When I started practicing yoga around 20 years ago, I was an Ashtanga girl and I’ve done lots and lots of Downward Facing Dog over the years.
I love the pose—it makes me feel simultaneously active and passive, strong and supple, stretched and relaxed. It plays on the uniting of the opposites implied by the Sanskrit ha (“sun”) and tha (“moon”), as Hatha Yoga is so often interpreted, and it’s plainly a darling of yoga teachers everywhere—I’d be hard-pressed to think of the last time I took a class, regardless of style, that didn’t include multiple Downward Facing Dogs.
In short, it’s a great pose.
The question of whether we are overusing it—personally or professionally—is not a question I regularly ask myself. But maybe I should. Why? Because over the years, Down Dog has often served as a default, a potentially mindless transition when my own energy has become dulled.
I’m not suggesting that we stop teaching or doing Downward Facing Dog, but I’ll admit I’m not quite as enthusiastic about it as I once was. Here are a few reasons I’m humbly suggesting we work to break the habit (but still love the pose):
A mindful practice.
Part of what we are trying to do as teachers and students of yoga is create an atmosphere that fosters the quality of mindfulness, what Jon Kabat-Zinn describes as, “The awareness that emerges through paying attention on purpose, in the present moment, and non-judgmentally to the unfolding of experience moment by moment.”
We aim to cultivate that atmosphere for our students, but I would argue that we are also trying to cultivate mindfulness in ourselves through the act of teaching. The more we are simply doing things our of habit—whether reminding people to relax or putting them into Downward Facing Dog—the less we are present to the non-judgmental unfolding of moment to moment experience, both with our students and ourselves.
This is a big one for me. In Light on Yoga, B.K.S. Iyengar ranks Downward Facing Dog as more difficult than Headstand and most beginners would laugh, or cry, or run screaming out of the room if you asked them to stand on their head in their first class.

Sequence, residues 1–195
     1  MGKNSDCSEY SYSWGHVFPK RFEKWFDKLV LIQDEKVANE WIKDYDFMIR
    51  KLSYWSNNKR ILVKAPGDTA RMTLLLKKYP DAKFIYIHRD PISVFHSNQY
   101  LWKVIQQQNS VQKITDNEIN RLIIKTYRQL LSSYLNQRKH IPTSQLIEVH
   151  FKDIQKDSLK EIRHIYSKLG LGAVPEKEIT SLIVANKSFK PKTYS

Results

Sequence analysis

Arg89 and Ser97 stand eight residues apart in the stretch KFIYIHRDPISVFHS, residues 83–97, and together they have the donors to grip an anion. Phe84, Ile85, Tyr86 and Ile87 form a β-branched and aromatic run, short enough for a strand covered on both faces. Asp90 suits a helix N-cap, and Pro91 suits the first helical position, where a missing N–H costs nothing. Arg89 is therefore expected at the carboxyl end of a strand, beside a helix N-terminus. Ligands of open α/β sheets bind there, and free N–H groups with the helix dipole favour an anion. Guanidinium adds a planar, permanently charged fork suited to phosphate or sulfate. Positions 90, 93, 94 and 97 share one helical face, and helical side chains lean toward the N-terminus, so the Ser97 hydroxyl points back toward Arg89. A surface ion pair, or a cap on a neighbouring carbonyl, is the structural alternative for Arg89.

As an enthusiastic teacher of beginning level students, I must remind myself of my own limits. I know that it is difficult, if not impossible, to keep an attentive eye on everyone in every pose. So after watching many people struggle with frustration, push too hard, and miss out on the beauty of Downward Facing Dog, I stopped teaching it to beginners unless it was in a workshop or in a very small class where I could actually “workshop” the pose.
Not everyone agrees with this approach. Many believe, and rightfully so, that Down Dog can be taught safely and should be taught to beginners. While I respect this opinion, I’ve seen too many potential injuries and witnessed too much overall discomfort from my beginners when we practice this pose in a large class to justify holding onto my habit.
Adho Mukha Svanasana is a beautiful, full body experience that I personally find soothing on multiple levels but I’ve been practicing for a long time, and most students do not find comfort or ease in this pose.
“Sthira sukham asanam,” Patanjali’s Yoga Sutras tell us. Abiding in ease is asana.
This is a great ideal, but if your experience is anything like mine, you’ll find it’s the rare beginner or even intermediate student who has truly learned to embody this pose and abide in ease. Instead, a lot of what I observe in my students is a laundry list of limitations. Their heels are nowhere near the ground, forcing their upper bodies to absorb the weight of the pose with little or no support from the legs. Their hips and lower back refuse to unwind, compressing their abdomen and spine instead of allowing them to extend and expand. Their shoulders are squeezed together painfully making breathing impossible. The list could go on and on.
Of course you can hurt yourself in any pose, but this pose requires so much overall body awareness and mobility that it can be particularly challenging.
Instead of inspiring curiosity and getting students more interested in yoga, Down Dog often just intimidates them. Even worse, with repeated, misaligned practice at home and in class, it injures them. And the biggest tragedy? Most students will simply grin and bear it for the length of the class thinking they’re probably the only ones feeling uncomfortable.
Because Downward Facing Dog appears so straightforward, many people think it is simple. But doing the pose and being in the pose are two very different states—of body, mind and spirit. One is habit; one is presence.
Let’s break the habit and open to the now—Down Dog or no dog at all.
Author: Kate Sargent
Image: Stephanie Sicore/Flickr
Editor: Katarina Tavčar